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Television Media GNU is Not Unix Linux Business

TiVo Says It Could Suffer Under GPLv3 710

Posted by kdawson
from the no-prevention-of-hacking dept.
Preedit writes to tell us that those busy folks over at InformationWeek have been scrutinizing yet more SEC filings, and Novell and Microsoft aren't the only ones concerned about certain provisions in the final draft of GPLv3. TiVo worries too. The problem is that TiVo boxes are Linux-based. They're also designed to shut down if the software is hacked by users trying to circumvent DRM features. But GPLv3 would prohibit TiVo's no-tamper setup. "If the currently proposed version of GPLv3 is widely adopted, we may be unable to incorporate future enhancements to the GNU/Linux operating system into our software, which could adversely affect our business," TiVo warns in a regulatory filing cited by InformationWeek."
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TiVo Says It Could Suffer Under GPLv3

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  • Huh? (Score:4, Informative)

    by MightyMartian (840721) on Sunday June 03, 2007 @02:55AM (#19368863) Journal
    Whatever happens with everything else, I thought Linus said Linux wouldn't be distributed under GPLv3
    • Re:Huh? (Score:5, Informative)

      by LocalH (28506) on Sunday June 03, 2007 @03:00AM (#19368893) Homepage
      Notice they specifically said "GNU/Linux".
    • by Rix (54095) on Sunday June 03, 2007 @03:02AM (#19368903)
      Even if Linux doesn't go GPL3, presumably they're using a lot of GNU userspace stuff, like glibc.
      • by harlows_monkeys (106428) on Sunday June 03, 2007 @05:03AM (#19369397) Homepage

        Even if Linux doesn't go GPL3, presumably they're using a lot of GNU userspace stuff, like glibc

        Well, glibc is not under GPLv2, so it seems unlikely to go GPLv3. It is under LGPL.

        • Re: (Score:3, Insightful)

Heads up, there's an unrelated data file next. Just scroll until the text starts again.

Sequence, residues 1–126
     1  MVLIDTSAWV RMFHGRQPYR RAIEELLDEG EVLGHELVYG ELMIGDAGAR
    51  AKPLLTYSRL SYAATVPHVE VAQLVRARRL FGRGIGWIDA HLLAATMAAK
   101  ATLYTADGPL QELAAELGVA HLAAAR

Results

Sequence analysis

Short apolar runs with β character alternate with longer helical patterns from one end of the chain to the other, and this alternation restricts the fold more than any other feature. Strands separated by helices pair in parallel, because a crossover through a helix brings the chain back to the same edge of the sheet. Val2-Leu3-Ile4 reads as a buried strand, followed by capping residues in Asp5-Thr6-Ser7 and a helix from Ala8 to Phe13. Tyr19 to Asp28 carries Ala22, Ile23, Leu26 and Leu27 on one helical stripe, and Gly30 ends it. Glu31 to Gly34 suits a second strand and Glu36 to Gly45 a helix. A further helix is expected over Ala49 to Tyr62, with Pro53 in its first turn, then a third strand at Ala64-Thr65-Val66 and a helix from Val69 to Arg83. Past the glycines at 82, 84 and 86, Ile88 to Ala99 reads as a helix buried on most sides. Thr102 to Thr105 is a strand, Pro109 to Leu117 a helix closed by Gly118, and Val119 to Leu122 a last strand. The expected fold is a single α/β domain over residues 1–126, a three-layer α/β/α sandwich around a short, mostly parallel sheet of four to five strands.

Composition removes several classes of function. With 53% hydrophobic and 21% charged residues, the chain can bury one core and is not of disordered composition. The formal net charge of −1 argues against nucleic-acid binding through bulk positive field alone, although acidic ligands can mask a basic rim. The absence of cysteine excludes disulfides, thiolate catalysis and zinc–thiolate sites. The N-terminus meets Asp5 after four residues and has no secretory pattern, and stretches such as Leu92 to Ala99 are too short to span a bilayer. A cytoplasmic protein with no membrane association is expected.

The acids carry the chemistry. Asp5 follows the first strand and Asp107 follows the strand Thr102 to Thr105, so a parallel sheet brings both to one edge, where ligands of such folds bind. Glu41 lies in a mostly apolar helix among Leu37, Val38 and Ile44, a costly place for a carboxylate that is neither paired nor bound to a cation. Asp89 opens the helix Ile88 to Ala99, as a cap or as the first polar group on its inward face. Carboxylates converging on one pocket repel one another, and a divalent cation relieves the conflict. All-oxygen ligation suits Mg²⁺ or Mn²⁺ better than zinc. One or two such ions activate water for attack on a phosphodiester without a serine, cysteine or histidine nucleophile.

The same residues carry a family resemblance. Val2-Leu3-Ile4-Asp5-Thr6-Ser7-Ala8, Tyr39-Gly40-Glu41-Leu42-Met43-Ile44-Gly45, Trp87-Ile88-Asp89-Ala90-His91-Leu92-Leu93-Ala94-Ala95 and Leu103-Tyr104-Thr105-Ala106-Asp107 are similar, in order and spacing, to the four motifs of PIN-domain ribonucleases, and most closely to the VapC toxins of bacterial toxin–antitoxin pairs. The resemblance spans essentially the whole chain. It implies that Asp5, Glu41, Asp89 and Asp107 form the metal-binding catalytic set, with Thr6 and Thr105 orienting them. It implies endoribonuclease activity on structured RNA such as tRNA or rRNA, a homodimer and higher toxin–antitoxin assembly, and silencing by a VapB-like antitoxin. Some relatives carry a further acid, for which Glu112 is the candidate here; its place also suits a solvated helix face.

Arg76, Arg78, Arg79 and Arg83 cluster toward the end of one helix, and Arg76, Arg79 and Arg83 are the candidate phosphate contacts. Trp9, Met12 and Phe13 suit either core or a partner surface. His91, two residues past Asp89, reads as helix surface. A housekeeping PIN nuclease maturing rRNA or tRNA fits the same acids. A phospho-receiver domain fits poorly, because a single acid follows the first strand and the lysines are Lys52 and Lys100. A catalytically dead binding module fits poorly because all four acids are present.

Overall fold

by Rix (54095)
          Will there not be an LGPLv3?

          Even if not, there are a lot of other things that *aren't* under the LGPL essential to any Linux system. It wouldn't be practical to work around these, as I'm sure Tivo knows.
        • Re: (Score:3, Informative)

          by Cyclops (1852)
          Hey Mr... the Lesser GPL is also being revised, and you know what? It's basically GPLv3 with Exceptions A B and C :)
  • Good (Score:5, Insightful)

    by Protonk (599901) on Sunday June 03, 2007 @02:57AM (#19368869) Homepage
    Gpl3 is divisive, but correct in this case. Companies like Tivo benefit from the OSS model of tinker/hack/remake and still restrict users in doing the same. The same privileges that are extended to end users with the source code should be established with the freedom to tinker.

    If Tivo feels that DRM is worth more than continued use of GPL software, so be it.
    • Re:Good (Score:4, Insightful)

      by Brotherred (1015243) on Sunday June 03, 2007 @04:58AM (#19369379)

      Gpl3 is divisive, but correct in this case. Companies like Tivo benefit from the OSS model of tinker/hack/remake and still restrict users in doing the same. The same privileges that are extended to end users with the source code should be established with the freedom to tinker.

      If Tivo feels that DRM is worth more than continued use of GPL software, so be it.